Declaration of Independence has a typo
Photo above: The signing of the Declaration of Independence by John Trumbull. Irreverent scolding by the editor.
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This may come as a shock to you, but apparently, our Founding Fathers weren’t perfect.
It’s still under scrutiny and academics will pore over this for some time, but it seems as though there is a typo in The Declaration of Independence. Yes, that famous scroll that spelled out what Americans wanted from England before the two sides differed on what to call soccer.
The mistake lies in misreading a punctuation error where a period after “Happiness” has always been assumed. According to Princeton Professor Danielle Allen, the period shouldn’t be there and it’s just a dash. The interpretative consequences could be that Thomas Jefferson didn’t mean for the individual rights to stand out, but for those individual rights to be of equal importance to the government’s existence in securing them.
It’s a big change from a small dot of ink. People who say that government is the problem, not the solution — Tea Party folks and others — they all decry government programs because, “It’s un-American! I know Ben Franklin and that’s not what he intended! The founders would shove muskets up our asses if they knew what we’d become!” You know the type. Well, now, thanks to a punctuation misinterpretation, they can finally clam up about the founders’ intentions.
Or maybe they won’t give a damn.
The typo is, at most, of historical interest. It holds zero implications and practical value to today’s political landscape. No one will change his or her mind because of it. Republicans won’t become Democrats and cats won’t start sleeping with bears.
For those who say it could affect the way future generations perceive our government: you may be right. It may drastically impact their mindsets and their conception of liberty and right governance.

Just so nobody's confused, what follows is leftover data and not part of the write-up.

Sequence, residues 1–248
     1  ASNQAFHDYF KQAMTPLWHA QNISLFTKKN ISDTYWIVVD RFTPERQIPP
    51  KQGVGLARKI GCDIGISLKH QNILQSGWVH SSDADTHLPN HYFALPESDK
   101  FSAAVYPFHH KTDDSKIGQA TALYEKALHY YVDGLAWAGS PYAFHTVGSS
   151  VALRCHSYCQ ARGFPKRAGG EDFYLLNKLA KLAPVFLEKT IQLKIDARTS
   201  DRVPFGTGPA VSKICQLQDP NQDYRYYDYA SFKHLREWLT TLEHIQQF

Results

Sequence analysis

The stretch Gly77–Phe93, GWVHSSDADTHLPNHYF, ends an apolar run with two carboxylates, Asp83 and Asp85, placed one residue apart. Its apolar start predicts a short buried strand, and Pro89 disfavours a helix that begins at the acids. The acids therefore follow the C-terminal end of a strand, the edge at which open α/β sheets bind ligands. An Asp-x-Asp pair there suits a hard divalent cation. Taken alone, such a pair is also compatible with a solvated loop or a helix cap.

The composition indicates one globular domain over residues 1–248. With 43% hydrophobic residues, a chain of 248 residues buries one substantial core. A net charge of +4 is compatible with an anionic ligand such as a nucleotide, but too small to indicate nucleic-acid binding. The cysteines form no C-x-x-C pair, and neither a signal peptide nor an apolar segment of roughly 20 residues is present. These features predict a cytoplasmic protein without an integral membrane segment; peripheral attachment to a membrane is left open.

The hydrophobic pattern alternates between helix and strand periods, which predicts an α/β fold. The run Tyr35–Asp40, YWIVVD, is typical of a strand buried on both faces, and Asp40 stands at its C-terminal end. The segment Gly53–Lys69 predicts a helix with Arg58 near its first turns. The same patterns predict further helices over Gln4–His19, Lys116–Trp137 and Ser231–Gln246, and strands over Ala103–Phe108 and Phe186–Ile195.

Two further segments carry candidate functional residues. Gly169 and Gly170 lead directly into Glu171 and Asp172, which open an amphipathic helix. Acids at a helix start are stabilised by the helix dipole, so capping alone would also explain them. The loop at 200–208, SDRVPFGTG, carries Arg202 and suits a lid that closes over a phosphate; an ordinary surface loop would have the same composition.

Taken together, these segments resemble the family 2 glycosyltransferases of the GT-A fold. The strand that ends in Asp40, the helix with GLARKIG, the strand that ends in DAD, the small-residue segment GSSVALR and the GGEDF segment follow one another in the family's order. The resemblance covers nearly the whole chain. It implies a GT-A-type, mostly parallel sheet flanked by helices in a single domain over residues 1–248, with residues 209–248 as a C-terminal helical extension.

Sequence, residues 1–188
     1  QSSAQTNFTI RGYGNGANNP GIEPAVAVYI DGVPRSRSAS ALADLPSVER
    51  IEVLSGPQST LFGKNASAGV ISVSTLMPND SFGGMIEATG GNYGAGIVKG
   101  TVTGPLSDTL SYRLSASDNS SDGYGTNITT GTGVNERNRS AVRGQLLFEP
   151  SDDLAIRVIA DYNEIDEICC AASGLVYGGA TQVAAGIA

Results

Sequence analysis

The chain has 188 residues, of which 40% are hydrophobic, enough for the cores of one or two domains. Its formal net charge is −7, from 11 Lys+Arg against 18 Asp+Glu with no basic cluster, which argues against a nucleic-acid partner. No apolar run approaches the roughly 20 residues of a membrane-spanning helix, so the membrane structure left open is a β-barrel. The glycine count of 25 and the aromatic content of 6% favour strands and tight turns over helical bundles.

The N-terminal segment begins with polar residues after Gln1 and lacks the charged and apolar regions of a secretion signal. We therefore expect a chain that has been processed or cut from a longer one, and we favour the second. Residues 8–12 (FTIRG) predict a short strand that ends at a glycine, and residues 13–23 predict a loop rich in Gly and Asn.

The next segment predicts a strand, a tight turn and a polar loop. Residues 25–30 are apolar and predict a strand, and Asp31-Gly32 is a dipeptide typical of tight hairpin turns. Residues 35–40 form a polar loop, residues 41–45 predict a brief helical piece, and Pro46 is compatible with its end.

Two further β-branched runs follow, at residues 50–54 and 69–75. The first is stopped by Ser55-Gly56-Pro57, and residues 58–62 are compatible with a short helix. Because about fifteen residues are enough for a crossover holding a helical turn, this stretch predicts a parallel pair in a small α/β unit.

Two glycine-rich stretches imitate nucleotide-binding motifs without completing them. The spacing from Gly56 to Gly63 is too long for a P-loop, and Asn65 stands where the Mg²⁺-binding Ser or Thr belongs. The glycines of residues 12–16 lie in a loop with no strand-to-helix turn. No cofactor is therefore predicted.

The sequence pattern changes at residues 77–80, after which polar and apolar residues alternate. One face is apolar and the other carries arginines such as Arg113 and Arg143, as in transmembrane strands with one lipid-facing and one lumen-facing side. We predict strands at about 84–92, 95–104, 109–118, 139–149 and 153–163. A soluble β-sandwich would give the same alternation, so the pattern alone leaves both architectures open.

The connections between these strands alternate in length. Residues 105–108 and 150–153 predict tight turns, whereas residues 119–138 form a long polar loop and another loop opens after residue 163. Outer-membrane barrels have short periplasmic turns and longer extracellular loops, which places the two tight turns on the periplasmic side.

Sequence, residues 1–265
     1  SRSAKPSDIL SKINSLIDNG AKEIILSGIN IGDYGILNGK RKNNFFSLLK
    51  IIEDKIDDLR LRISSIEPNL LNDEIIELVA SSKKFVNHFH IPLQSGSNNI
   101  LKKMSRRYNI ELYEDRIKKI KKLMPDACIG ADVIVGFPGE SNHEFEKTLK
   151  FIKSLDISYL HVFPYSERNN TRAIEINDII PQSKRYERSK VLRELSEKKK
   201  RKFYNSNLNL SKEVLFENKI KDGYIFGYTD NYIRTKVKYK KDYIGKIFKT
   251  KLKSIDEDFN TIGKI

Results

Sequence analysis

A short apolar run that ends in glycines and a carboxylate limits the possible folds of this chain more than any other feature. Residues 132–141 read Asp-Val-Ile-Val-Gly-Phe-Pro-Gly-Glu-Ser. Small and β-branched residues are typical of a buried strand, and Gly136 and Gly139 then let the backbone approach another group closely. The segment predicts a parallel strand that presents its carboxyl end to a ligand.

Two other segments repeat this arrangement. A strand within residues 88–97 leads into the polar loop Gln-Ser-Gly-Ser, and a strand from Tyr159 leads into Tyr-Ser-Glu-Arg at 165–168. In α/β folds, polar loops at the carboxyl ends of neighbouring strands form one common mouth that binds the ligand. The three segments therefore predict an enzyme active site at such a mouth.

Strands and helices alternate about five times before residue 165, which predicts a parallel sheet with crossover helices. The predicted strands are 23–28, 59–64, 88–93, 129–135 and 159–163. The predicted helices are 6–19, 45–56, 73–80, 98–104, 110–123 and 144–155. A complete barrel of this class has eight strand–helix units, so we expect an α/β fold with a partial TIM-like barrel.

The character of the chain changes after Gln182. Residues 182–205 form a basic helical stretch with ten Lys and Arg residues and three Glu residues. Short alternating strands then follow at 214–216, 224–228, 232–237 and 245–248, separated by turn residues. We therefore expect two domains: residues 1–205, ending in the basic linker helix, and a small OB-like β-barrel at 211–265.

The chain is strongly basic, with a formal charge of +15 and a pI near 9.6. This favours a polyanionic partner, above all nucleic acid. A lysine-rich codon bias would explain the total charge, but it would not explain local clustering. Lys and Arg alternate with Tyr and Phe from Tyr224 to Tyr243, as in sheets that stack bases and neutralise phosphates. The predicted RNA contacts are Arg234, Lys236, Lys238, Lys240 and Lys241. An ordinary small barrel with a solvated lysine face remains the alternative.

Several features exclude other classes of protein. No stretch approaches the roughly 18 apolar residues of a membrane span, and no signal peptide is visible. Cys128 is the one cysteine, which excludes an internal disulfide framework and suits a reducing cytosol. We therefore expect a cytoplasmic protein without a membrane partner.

Or maybe they won’t give a damn.
Almost 250 years into the life of this country and you think an ink drip is going to reverse a quarter-millennium of thought? It’s naïve. Hard work is going to change people’s minds, not grammar.
The most significant problem with this whole story, however is that we’re willing to talk about how things should change based on a dead man’s penmanship. Granted, he’s an important dead man, but he is still very much dead. He’s history. We don’t use science that is 200 years old without questioning its efficacy, so why in the fresh hell are we beholden to the words of a slave-owning, mistress-having, reporter-bribing debtor who lived during a time when restaurants weren’t even a thing yet?
The partial answer is that he was a man of his time. We don’t hate Martin Luther King Jr. for not talking about trans-rights because the issue hadn’t been in the public consciousness nearly as much at the time. I suppose we can’t hate on Jefferson too much, but we also don’t have to listen to every word he said with absolute devotion.
The period, or lack thereof, in the Declaration doesn’t matter because we should be making the rules based on what we’re constantly learning. That’s what amendments are for, and new laws, and new definitions. We don’t have to rely on the grammar of a 240-year old piece of paper from a sort-of-racist — we can rely on the fact that we have a foundation of laws that exist and that everything should be questioned for the betterment of human beings.
Regardless of what the founders said, we need to do what’s best for people. Our laws are there to make sure the government protects and helps people and until there’s a day where the U.S. has zero homelessness, zero percent unemployment and zero wars going on, we’re going to need government. Thomas Jefferson’s views on the subject, period or none, matter less than the current state of human life.
At the end of the day, if the Founding Fathers get in the way of doing what’s right for people, then f*ck’em; they’re dead.
Government is for the living, by the living.
Bennett Rea is a writer and comedian living in Los Angeles, CA. A survivalist with various primitive skills and a distrust of Snapchat, he’s just trying to be a human in an increasingly technological world. He also works at an art gallery on one of the country’s trendiest retail blocks and constantly battles the urge to flee for a cabin in the mountains filled with books and bourbon.